Revised Income Tax Disclosure Project Won’t Be Controversial
FASB revised the objective of its income tax disclosure project to focus on targeted improvements, deciding to steer clear of aspects of the topic that could be controversial. Under the revised project objective, the board will improve disclosures on income taxes paid and the effectiveness of the rate reconciliation table, according to the discussions. “It would be very helpful to have more information about the estimates that entities are making; I think today the tool to provide that information is the reconciliation table,” FASB member Marsha Hunt said. “A company that may not be paying U.S. taxes, if it’s just one big lump—foreign difference—that’s not very helpful,” she said. “So I think that we could probably make some progress toward sharing more information about what the reporting entity is doing in its estimation process, and I still think the most effective tool is the reconciliation that people are used to today.” In general, board members wanted the project to be achievable, pointing to some of the complexity that could result in trying to take on too many other issues.
Accounting Standards Taxonomy Published
The 2022 Taxonomy for International Financial Reporting Standards (IFRS) has been published, the IFRS Foundation announced on March 24.The taxonomy enables electronic reporting of financial and disclosure information prepared by IFRS filers. This year’s taxonomy includes changes to the 2021 taxonomy resulting from:
- Disclosure of Accounting Policies, which amended International Accounting Standard (IAS) 1, Presentation of Financial Statements and IFRS Practice Statement 2, Making Materiality Judgements, issued by the IASB in February 2021;
- Definition of Accounting Estimates, which amended IAS 8, Accounting Policies, Changes in Accounting Estimates and Errors, issued by the IASB in February 2021;
- Initial Application of IFRS 17 and IFRS 9—Comparative Information, which amended IFRS 17, Insurance Contracts, issued by the IASB in December 2021.
The 2022 taxonomy also includes changes to its technology to reflect developments in standards and practices, according to the announcement. The changes also reflect developments in the usage of the taxonomy or comparable taxonomies in various regulatory environments.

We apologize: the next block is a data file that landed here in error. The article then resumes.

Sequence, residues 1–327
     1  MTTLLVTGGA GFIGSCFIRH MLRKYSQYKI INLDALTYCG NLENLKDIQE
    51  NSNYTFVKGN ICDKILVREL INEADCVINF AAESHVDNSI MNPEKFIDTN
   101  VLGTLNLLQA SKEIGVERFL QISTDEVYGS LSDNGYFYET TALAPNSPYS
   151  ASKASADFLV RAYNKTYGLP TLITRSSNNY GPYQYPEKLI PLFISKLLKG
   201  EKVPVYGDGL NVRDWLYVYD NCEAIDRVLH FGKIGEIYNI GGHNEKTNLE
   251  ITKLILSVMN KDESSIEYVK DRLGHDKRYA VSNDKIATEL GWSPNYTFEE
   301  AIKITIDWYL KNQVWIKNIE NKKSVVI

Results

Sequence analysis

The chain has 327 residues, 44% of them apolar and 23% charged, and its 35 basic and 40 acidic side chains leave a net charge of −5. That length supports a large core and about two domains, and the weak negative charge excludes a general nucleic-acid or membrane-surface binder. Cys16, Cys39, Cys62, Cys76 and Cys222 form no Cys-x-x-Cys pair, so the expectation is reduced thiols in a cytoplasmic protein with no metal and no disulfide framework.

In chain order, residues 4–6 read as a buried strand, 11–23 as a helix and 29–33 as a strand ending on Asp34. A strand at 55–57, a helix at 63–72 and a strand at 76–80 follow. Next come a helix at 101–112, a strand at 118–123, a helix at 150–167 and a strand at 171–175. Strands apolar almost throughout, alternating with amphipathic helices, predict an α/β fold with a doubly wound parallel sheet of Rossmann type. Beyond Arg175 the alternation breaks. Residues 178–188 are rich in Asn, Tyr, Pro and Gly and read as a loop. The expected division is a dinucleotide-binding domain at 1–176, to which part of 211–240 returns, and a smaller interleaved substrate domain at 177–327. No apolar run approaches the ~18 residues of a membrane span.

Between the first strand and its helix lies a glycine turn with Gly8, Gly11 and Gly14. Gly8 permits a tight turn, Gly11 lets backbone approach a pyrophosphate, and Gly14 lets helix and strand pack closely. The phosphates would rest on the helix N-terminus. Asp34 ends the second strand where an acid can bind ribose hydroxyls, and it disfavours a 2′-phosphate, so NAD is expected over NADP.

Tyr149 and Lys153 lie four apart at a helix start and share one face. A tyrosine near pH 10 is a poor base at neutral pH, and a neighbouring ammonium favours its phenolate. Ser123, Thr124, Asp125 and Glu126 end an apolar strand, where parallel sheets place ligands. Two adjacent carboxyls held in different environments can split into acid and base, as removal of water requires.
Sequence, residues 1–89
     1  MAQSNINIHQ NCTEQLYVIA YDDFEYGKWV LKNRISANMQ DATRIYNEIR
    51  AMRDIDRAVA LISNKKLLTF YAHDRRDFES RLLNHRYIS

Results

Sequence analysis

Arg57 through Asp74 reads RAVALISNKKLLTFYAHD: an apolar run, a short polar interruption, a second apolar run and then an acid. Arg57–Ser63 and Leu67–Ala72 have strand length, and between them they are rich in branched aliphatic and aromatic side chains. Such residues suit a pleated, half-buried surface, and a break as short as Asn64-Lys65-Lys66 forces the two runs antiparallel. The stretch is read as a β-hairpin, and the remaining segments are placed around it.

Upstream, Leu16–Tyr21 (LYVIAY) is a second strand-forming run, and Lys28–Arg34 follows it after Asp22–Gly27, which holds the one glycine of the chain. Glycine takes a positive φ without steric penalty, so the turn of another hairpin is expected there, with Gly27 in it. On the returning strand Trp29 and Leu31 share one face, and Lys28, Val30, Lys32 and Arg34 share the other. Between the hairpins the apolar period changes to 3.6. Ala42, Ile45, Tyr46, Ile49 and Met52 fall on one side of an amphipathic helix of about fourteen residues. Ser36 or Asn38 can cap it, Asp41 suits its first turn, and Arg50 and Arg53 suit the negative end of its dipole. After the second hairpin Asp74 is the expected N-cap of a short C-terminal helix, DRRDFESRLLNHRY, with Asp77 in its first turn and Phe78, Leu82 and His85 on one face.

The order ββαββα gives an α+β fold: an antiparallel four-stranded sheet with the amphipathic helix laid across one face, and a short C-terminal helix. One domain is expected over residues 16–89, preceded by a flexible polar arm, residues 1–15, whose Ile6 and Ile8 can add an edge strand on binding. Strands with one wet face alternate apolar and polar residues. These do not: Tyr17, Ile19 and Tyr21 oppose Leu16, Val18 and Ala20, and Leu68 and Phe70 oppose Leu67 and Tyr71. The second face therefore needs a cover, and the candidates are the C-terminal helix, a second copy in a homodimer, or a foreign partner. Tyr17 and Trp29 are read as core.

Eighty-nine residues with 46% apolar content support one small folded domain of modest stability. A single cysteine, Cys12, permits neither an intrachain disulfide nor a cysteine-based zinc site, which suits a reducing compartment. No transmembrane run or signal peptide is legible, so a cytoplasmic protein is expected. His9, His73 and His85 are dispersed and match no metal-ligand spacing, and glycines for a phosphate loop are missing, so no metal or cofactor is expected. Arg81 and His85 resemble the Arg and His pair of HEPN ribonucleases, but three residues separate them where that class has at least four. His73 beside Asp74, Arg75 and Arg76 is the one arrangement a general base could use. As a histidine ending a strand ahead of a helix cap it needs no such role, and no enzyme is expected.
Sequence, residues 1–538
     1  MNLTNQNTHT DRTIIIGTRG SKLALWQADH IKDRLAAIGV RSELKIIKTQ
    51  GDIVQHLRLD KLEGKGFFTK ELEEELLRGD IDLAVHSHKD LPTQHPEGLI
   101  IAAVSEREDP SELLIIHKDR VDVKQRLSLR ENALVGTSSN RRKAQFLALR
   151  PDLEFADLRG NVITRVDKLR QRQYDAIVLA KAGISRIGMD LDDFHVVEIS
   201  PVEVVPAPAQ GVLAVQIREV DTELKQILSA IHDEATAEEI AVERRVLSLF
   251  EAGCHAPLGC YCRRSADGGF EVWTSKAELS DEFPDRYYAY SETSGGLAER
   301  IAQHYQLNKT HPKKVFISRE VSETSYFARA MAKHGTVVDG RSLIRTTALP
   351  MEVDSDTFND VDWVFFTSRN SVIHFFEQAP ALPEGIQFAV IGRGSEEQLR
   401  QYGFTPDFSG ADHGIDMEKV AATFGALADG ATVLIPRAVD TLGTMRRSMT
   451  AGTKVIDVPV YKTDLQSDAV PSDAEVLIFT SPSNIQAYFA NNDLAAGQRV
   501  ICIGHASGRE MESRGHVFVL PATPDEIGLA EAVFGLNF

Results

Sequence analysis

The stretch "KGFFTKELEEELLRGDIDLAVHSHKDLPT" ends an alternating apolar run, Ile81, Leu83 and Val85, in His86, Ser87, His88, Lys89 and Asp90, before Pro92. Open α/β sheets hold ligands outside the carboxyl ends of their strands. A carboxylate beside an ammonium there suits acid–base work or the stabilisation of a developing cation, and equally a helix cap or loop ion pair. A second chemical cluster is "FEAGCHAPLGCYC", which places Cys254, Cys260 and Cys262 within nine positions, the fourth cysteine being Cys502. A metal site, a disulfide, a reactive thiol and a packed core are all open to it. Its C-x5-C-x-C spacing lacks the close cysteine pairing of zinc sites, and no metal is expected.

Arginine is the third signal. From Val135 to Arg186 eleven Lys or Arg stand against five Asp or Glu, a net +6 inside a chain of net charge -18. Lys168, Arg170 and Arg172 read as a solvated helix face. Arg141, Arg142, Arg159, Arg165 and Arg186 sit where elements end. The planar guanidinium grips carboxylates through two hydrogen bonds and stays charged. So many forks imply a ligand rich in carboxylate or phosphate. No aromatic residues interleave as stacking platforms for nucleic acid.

Proposal on Climate-Related Disclosure Rules Coming Soon
The new International Sustainability Standards Board (ISSB) is expected to issue a proposal on March 31to solicit public comment on climate-related disclosure rules, according to a March 24, 2022, alert from the IFRS Foundation, its trustee board. The ISSB will issue proposed Climate and General Sustainability-related Disclosure requirements that, once finalized, will form the global baseline for climate-related disclosures. “The global baseline concept has been welcomed by the G20 Leaders, the International Organization of Securities Commissions (IOSCO) and others,” the alert states. The climate proposal will be issued about three months after three ISSB members were appointed: Chair Emmanuel Faber, Vice Chair Sue Lloyd, and Special Advisor to the Chair Janine Guillot. The goal is to issue the proposal to solicit public comment and vet those comments and the proposal once the full board has been seated, according to a prior trustee announcement. The ISSB is expected to seat up to 14 members, with more than half expected to be seated in coming months. The full board will not be seated until the third quarter of 2022. The proposal was briefly mentioned in a broader announcement of a Memorandum of Understanding (MoU) that was signed by foundation trustees and the Global Reporting Initiative (GRI), parent entities of the ISSB and the Global Sustainability Standards Board (GSSB), to coordinate their work programs and standards-setting activities.